Because you only get the EPC after the EPB declaration and that declaration can only be officially filed once your house is delivered, new construction houses that you buy on plan do not have an EPC. Once you get the EPC, it is valid for 10 years. You can always apply for a new EPC if you have made changes to your home to make it more energy efficient.
the importance of the S-level
An important factor in calculating the E-level is the so-called S-level, or envelope level. This figure indicates how energy efficient the envelope of your building is. The envelope is the boundary between the inside and outside of your home: the first floor, all exterior walls, windows, doors, and your roof. Unheated areas, such as a basement, are not included.
A well-insulated envelope is extremely important. After all, you can quite easily add additional solar panels or upgrade your heating system as new technologies come on the market, but the envelope of your home is almost impossible to adjust without major renovations.
Some builders use solar panels or other smart technologies to get their E-level within regulations, but go a little easier on insulation. So be sure to ask what a home's S-level is before making any decisions.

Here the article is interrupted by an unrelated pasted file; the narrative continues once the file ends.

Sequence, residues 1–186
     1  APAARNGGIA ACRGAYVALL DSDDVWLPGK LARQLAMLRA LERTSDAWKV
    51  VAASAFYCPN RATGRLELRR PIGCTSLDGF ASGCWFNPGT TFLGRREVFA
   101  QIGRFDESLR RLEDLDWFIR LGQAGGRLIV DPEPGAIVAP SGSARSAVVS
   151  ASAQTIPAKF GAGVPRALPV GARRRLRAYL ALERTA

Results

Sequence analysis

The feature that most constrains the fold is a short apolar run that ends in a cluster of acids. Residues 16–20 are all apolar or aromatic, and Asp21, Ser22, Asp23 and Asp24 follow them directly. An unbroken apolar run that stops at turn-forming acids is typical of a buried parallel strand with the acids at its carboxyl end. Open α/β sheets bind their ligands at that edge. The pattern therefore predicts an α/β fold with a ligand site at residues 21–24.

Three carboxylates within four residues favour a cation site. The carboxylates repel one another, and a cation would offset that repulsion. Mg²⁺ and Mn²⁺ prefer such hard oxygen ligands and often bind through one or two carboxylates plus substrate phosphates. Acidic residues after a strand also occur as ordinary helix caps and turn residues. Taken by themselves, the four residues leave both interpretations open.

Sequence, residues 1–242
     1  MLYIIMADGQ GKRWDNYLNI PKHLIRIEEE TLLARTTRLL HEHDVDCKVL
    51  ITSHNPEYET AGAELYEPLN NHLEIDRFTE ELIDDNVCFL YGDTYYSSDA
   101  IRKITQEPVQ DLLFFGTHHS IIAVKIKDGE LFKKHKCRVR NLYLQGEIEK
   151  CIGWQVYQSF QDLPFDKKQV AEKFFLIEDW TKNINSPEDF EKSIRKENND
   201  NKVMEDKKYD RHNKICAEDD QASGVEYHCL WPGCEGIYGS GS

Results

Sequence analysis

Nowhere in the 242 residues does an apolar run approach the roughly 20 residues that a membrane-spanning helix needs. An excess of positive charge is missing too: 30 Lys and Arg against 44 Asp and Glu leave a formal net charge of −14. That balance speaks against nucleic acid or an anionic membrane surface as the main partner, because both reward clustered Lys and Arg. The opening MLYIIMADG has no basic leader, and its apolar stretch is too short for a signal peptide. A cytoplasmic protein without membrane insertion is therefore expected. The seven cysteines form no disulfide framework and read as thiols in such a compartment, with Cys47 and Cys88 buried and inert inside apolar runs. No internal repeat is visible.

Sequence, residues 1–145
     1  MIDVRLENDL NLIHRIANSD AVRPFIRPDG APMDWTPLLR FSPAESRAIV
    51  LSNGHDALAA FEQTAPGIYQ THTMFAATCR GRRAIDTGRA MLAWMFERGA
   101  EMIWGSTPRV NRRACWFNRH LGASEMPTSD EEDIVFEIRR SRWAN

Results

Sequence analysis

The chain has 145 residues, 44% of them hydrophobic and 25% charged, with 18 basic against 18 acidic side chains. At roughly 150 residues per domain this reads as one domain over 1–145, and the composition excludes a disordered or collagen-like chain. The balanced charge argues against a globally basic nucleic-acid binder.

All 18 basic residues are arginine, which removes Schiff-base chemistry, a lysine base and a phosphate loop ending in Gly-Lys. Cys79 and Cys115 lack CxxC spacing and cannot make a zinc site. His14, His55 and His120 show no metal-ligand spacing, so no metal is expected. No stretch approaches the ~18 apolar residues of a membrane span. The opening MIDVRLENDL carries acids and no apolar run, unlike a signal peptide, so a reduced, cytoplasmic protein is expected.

BEN homes, zero energy homes and negative E-level
BEN stands for Nearly Energy Neutral. So a BEN home is a home that is more energy efficient than a "traditional home." The E-level must be lower than E30. But that label doesn't provide much info, because since 2021 all new construction in Flanders must be a BEN home.
An energy-neutral home goes one step further and has an E-level of no more than E0. This means that on an annual basis, it generates as much energy as it consumes. Hence the term energy neutral.
Many energy-neutral homes even have a negative E-level. That means the house generates more energy than it consumes, through renewable energy. This usually involves solar panels, but wind energy is also an option.
Note that you cannot achieve a negative E-level if you do not generate energy. even if you were to incorporate an entire container ship of insulation material into your home, the lowest you can achieve without energy production is E0.
what is the E-level of a Skilpod home?
As we mentioned above, the S-level is crucial to us. Therefore, we ensure that we achieve our E-level of less than E30 without relying on solar panels. We don't take shortcuts and provide an excellently insulated envelope. Because we build prefab wood frame houses in a workshop, under optimal conditions, we can be extremely precise. Upon delivery of each home, we have a blower-door test performed to verify the airtightness, and there we always score better than theoretically expected. This lowers your official E-level even further.